For the record

You know when keeping a food log sucks? When you get to the end of a day and realize it looks like this:

Breakfast: Sugary cereal

Snack: ~1/3 jar of Dark Chocolate Dreams peanut butter

Lunch: Half a bag of tortilla chips with salsa and hummus

Snack #2: Gluten-free cookies

Dinner: Frozen premade Indian dinner, peanut brittle

Exercise: Skipped

 

You know when it sucks worse? When you’ve had a week of days that look like this:

Breakfast: Unsweetened whole-grain hot cereal with flax and almond milk

Lunch: Sweet potatoes, pinto beans, carrot sticks

Snacks: Reasonable portions of nuts, fruit and vegetables

Dinner: Tempeh, apple, and onion stir fry with brown rice and spinach

Exercise: Lots of walking, plus 45 minutes on the elliptical

. . . but you still feel like crap.

Photo © Ben Haley | Flickr

Photo © Ben Haley | Flickr

Amirite? I know my paleo friends are just waiting to pounce on that second entry, much as their ancestors descended upon prey in the savanna. There are at least as many different definitions of an ideal diet as there are calories in a third of a jar of peanut butter. My own sense that a whole-foods, plant-based diet should make me feel healthy is shored up largely by dogma and selective reading. Still, at the end of most days, I feel I’ve made pretty good food choices. But does it make a difference? My answer is in black (or blue, depending on pen color) and white.

When other people go on and on about how great their unprocessed veg*n diets make them feel, I often struggle with the urge to hurl butternut squash at their heads. I know intestinal healing comes first, and I’m sure an overall healthy diet is probably working invisible heart-protective magic, yadda yadda, but I can’t help but wonder: What’s the point of eating well if an unhealthy gluten-free diet and a healthy gluten-free diet leave me feeling exactly the same? For that matter, what’s the point of eating a healthy or unhealthy gluten-free diet if I feel worse on average than I felt when I was eating gluten? Why bother doing it right if I’ll still feel wrong?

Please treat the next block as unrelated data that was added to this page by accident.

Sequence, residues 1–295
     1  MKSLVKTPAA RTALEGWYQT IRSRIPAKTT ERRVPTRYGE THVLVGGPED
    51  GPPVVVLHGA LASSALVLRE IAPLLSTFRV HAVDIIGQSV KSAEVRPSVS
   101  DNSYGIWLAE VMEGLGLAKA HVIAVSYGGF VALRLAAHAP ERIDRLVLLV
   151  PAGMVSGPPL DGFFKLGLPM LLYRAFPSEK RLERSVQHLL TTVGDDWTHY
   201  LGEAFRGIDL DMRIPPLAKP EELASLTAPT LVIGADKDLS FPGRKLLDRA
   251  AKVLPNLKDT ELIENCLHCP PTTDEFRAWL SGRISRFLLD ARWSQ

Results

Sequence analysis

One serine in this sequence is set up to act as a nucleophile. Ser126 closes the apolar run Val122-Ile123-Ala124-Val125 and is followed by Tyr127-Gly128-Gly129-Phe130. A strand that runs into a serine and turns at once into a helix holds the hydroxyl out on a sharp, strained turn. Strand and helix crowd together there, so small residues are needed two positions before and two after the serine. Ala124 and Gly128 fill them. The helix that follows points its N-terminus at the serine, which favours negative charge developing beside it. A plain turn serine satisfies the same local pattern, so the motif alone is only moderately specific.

When I start asking myself this kind of question, that’s when I know it’s time to call in the big dogma. Six months to two years to feel better on a gluten-free diet, I remind myself, mantralike.

Six months to two years. That’s a lot of days worth of food logs. Might as well make them good ones . . . well, most of them, anyway.

Photo © Tyler Dawson | Flickr

Photo © Tyler Dawson | Flickr

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13 thoughts on “For the record

  1. Yeah, the first year is hard. Try not to get too bummed if you don’t feel like a new person right now. And if you want a gluten-free cookie, eat it. The emotional part of this is just as important as the physical:)

    • Molly says:

      Thanks, Alissa. You’re right about that. I think I will let myself have gluten-free cookies sometimes but preferably not for breakfast, lunch, and dinner. 🙂